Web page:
Addressing and limiting burnout and its significant impacts on emergency physicians is an important and ongoing challenge, requiring much more than a focus on individual resilience. This is a key understanding which guides and informs the Australasian College for Emergency Medicine's holistic approach and advocacy efforts when it comes to the wellness of emergency physicians and the health systems in which they operate.
      1337
  • Publication
    Journal Article
    Comparison and outcomes of emergency department presentations with respiratory disorders among Australian indigenous and non-indigenous patients.
    (2022-01-19) ;
    Ghimire, Ram H
    ;
    Howarth, Timothy
    ;
    Kankanamalage, Oshini M
    ;
    ;
    Falhammar, Henrik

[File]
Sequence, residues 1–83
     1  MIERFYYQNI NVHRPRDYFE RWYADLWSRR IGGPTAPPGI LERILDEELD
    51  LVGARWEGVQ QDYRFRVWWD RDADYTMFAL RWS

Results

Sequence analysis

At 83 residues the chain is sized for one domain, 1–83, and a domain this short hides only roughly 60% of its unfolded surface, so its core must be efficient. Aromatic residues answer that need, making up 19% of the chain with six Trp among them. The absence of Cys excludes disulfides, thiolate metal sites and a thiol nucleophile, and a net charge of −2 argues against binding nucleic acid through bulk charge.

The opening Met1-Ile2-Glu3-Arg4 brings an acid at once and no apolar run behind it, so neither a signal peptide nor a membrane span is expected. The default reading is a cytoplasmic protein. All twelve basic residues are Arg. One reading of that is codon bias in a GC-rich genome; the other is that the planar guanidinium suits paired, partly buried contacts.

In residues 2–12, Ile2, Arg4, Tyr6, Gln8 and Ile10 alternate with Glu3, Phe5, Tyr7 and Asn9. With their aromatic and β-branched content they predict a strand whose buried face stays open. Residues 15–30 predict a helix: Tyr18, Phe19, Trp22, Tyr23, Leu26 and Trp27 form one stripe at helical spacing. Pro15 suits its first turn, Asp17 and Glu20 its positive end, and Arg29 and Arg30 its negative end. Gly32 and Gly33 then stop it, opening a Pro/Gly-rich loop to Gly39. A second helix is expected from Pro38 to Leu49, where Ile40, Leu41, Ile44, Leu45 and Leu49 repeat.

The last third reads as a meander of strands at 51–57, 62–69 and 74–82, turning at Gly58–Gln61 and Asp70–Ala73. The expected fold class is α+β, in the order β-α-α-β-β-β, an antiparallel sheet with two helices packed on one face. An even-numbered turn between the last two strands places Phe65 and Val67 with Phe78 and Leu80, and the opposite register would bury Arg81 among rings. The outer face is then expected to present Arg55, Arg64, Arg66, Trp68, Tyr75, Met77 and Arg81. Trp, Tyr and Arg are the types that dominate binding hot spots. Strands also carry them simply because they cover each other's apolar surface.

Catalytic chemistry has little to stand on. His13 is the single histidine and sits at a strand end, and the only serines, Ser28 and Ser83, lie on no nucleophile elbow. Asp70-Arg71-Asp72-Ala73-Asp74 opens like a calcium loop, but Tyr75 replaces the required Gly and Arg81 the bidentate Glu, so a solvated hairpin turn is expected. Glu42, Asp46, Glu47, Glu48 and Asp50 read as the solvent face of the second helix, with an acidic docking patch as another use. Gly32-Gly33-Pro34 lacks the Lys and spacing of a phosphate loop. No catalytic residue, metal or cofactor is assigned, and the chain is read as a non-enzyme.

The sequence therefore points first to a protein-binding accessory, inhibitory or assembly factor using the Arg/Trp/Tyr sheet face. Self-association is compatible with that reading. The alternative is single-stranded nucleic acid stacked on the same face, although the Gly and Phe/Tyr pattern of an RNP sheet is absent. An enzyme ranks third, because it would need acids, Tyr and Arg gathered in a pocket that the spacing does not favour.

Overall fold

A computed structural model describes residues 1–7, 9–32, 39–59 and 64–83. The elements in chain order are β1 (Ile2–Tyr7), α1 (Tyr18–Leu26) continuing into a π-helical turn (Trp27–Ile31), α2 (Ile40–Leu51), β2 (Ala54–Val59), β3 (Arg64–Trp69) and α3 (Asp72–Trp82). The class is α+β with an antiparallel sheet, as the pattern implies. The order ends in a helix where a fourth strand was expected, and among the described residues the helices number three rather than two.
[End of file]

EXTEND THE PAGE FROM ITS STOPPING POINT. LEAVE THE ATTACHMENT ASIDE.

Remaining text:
BACKGROUND: There is sparse evidence in the literature assessing emergency department presentation with respiratory disorders among Indigenous patients. The objective of this study was to evaluate the clinical characteristics and outcomes for Indigenous Australians in comparison to non-Indigenous patients presenting to Emergency Department (ED) with respiratory disorders. METHODS: In this study, two non-contiguous one-month study periods during wet (January) and dry (August) season were reported on, and differences in demographics, respiratory diagnosis, hospital admission, length of hospital stay, re-presentation to hospital after discharge and mortality between Australian Indigenous and non-Indigenous patients was assessed. RESULTS: There were a total of 528 respiratory ED presentations, 258 (49%) during wet and 270 (51%) in dry season, from 477 patients (52% female and 40% Indigenous). The majority of ED presentations (84%) were self-initiated, with a difference between Indigenous (80%) and non-Indigenous (88%) presentations. Indigenous presentations recorded a greater proportion of transfers from another healthcare facility compared to non-Indigenous presentations (11% vs. 1%). Less than half of presentations (42%) resulted in admission to the ward with no difference by Indigenous status. Lower respiratory tract infections were the most common cause of presentation (41%), followed by airway exacerbation (31%) which was more commonly seen among Indigenous (34%) than non-Indigenous (28%) presentations. Almost 20% of Indigenous patients reported multiple presentations to ED compared to 1% of non-Indigenous patients, though mortality on follow up did not differ (22% for both). CONCLUSIONS: The results of this study may be an avenue to explore possibilities of implementing programs that may be helpful to reduce preventable ED presentation and recurrent hospitalisations among Indigenous population.